Rulewich’s designs are fine examples of premier daily fee layouts, challenging from the back tees for the most accomplished players, but playable and indeed forgiving, especially off the tee, for mid and even high handicappers. Bunkers are in evidence but not in abundance and there are few forced carries and when they appear they only serve to make holes more interesting, not necessarily more dangerous.
“I think having wide fairways, or corridors to the green, is a wise thing to do for a public golf course. Providing a place where people can recover from keeps play moving. You also create a fair course for everybody by making multiple teeing areas. If people choose the set of tees that is best for them the course is always manageable.”
Rulewich broke out on his own in 1995 when Robert Trent Jones, Inc. was disbanded.
“We came up here because of our ties with Crumpin-Fox and we moved into an office just off the 17th hole that the owner of the course gave us as a headquarters. I’ve really enjoyed being here in Bernardston and I try and get out and play the course as much as I can. But it never really is as much as want.”
Rulewich credits Jones, Jr. with being a forward-thinking golf course architect and borrowed many of his concepts and business practices from the man.
“We also do our own shaping of the land as we have a construction element to our company. We have our own equipment and field superintendents, and we work closely with them when we do a course. Jones believes in that. A golf course is really sculpture on a large scale. Each of those cuts you make as well as the grading, those are the fine touches that must be made in the field and are so important to the overall product.”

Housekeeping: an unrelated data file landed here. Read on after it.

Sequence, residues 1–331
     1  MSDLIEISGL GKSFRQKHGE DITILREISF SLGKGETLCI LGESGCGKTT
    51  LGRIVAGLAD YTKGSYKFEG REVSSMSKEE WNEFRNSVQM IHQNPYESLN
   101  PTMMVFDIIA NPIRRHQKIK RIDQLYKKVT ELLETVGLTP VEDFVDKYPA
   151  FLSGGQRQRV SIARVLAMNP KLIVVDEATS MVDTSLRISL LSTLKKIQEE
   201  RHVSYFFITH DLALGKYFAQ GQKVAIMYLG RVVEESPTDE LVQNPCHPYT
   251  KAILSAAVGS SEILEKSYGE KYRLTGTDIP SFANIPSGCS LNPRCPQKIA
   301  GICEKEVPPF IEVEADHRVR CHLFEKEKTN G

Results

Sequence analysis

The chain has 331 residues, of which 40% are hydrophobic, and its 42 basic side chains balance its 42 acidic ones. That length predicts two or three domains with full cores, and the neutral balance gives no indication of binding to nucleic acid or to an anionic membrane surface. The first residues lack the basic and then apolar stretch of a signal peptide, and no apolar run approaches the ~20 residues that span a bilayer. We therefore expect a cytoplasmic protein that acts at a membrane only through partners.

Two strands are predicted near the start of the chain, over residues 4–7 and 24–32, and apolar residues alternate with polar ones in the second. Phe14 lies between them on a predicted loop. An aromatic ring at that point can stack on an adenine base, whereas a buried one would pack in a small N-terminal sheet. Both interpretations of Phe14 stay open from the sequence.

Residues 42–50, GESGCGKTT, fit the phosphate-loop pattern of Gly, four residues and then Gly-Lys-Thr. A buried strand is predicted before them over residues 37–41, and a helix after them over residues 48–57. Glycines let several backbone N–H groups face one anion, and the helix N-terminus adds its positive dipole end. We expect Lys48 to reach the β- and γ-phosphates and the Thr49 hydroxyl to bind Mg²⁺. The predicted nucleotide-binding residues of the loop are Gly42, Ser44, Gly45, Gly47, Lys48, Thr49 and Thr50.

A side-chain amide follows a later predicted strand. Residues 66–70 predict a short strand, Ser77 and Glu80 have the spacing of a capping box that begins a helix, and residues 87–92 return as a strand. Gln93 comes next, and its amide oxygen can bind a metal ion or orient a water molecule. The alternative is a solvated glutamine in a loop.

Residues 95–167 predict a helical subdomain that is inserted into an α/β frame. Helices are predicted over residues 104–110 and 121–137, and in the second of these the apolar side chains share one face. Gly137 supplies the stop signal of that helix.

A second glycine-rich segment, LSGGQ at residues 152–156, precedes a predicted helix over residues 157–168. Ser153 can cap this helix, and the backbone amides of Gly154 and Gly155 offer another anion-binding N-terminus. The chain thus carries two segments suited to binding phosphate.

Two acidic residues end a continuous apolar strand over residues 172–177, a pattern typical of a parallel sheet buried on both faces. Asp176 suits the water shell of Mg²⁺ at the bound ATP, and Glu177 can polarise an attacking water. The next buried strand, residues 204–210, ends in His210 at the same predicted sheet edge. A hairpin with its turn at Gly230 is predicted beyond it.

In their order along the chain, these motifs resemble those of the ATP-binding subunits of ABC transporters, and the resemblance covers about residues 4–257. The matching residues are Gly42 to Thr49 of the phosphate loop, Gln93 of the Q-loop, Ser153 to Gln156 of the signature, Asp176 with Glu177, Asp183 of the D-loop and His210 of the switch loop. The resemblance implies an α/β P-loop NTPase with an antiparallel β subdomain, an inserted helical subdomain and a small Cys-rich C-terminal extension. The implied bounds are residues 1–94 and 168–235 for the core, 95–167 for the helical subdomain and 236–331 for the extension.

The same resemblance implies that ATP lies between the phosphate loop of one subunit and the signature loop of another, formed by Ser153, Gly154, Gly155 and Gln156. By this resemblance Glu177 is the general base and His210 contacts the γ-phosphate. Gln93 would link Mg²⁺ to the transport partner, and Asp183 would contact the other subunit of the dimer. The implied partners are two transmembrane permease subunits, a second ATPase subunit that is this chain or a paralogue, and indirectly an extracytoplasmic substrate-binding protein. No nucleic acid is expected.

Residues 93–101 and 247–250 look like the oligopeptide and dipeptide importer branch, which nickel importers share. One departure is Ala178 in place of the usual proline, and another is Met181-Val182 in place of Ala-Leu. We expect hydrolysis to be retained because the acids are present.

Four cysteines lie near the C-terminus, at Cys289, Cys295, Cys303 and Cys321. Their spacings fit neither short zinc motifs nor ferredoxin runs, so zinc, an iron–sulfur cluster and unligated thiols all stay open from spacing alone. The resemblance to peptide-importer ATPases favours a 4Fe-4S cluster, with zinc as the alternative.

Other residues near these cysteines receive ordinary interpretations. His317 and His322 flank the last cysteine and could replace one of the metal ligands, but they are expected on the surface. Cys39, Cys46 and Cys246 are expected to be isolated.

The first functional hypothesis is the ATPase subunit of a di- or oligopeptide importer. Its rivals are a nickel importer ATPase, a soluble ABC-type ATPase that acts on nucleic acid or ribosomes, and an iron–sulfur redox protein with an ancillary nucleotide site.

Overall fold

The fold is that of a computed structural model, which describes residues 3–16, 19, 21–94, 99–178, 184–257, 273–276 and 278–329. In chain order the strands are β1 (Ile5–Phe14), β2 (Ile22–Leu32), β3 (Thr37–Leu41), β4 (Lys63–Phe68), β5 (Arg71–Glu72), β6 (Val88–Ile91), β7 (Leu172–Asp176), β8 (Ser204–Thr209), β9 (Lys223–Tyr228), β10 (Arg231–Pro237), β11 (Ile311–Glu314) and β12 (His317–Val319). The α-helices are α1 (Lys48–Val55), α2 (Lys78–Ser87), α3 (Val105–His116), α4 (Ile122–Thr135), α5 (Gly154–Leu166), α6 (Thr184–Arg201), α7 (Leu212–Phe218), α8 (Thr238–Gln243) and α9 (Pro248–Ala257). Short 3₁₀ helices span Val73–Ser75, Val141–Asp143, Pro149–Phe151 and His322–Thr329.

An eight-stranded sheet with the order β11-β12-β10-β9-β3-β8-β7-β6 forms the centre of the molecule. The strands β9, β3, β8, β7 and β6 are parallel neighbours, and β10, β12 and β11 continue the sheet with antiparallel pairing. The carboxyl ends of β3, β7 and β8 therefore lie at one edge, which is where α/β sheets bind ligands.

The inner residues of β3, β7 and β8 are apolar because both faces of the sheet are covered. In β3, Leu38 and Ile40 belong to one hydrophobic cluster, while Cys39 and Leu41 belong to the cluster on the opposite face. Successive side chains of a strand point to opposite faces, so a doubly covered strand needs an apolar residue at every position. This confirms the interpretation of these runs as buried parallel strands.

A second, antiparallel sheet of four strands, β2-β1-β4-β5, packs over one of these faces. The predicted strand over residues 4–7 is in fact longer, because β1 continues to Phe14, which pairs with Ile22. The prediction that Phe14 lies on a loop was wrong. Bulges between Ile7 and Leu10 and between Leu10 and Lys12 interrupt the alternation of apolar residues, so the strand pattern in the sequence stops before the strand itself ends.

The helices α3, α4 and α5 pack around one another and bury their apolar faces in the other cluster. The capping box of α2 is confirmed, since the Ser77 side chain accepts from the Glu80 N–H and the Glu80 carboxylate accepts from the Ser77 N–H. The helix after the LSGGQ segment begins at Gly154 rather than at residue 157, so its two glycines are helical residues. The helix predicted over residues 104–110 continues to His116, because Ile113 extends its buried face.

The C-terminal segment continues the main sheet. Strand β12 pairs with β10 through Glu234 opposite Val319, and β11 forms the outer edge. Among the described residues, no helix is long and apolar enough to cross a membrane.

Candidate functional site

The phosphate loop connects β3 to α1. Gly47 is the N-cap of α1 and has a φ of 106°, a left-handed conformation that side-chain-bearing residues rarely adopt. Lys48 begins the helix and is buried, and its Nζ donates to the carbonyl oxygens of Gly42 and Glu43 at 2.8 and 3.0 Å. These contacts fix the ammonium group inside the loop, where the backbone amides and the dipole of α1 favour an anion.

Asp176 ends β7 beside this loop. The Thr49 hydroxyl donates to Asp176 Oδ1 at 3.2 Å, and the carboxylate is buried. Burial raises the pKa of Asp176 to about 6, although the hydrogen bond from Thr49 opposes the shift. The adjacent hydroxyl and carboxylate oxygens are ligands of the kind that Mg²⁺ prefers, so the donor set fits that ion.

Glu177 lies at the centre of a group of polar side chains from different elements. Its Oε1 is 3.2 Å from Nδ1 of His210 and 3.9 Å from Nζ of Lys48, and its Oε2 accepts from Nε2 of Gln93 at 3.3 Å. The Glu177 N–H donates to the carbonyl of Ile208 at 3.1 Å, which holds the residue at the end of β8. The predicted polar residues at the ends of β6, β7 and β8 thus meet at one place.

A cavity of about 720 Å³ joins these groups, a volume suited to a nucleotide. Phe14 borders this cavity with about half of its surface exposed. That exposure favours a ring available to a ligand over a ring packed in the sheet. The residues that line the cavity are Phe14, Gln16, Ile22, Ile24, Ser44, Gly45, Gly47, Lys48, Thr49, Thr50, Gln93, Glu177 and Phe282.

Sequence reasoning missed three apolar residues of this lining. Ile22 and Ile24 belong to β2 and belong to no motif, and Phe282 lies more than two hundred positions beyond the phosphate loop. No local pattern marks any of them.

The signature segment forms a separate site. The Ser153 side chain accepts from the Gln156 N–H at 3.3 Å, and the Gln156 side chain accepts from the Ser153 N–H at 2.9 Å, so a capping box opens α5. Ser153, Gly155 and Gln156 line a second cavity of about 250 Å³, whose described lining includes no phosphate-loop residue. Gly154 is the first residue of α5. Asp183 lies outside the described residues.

He added, “People like to say God creates golf courses we just find them. Well, I don’t think that really happens often and there needs to be significant work to make the course look like it was natural and fits together.”
One of the most troublesome trends Rulewich sees in the game is the length players are hitting the ball.
“Jones was one of the first architects in the late 1960’s and 1970’s to go out during tournaments and measure where tee shots were landing and how it was affecting play on the course. He was concerned at that time about the length pros were hitting the ball and the affect it was having on existing courses.”
He continued, “We visit a lot of older clubs and they want to lengthen their courses, but often they just don’t have the room. Making new courses longer makes also them more costly to maintain. And putting more hazards on shorter holes will make the courses more difficult for the average player.”
The solution, Rulewich, believes, is to limit the distance of the golf ball. “But that likely won’t happen,” he added.”
At an age where many individuals are well into retirement, Rulewich said he has no plans on slowing own anytime soon.
“Work keeps me active and I have no intentions of retiring until I can’t physically get around anymore. I enjoy what I do so why would I never want to stop? I’ll go as long as a I can.”
And golfers everywhere will be the better for it.